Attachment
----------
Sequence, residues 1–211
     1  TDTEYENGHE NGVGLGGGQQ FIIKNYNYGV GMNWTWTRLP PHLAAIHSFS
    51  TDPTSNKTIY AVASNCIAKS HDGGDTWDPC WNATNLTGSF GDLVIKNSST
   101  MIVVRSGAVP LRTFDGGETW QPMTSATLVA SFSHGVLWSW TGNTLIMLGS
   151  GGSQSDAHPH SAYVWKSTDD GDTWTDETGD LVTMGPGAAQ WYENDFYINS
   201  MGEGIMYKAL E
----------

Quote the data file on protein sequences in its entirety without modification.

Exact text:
Sequence, residues 1–211
     1  TDTEYENGHE NGVGLGGGQQ FIIKNYNYGV GMNWTWTRLP PHLAAIHSFS
    51  TDPTSNKTIY AVASNCIAKS HDGGDTWDPC WNATNLTGSF GDLVIKNSST
   101  MIVVRSGAVP LRTFDGGETW QPMTSATLVA SFSHGVLWSW TGNTLIMLGS
   151  GGSQSDAHPH SAYVWKSTDD GDTWTDETGD LVTMGPGAAQ WYENDFYINS
   201  MGEGIMYKAL E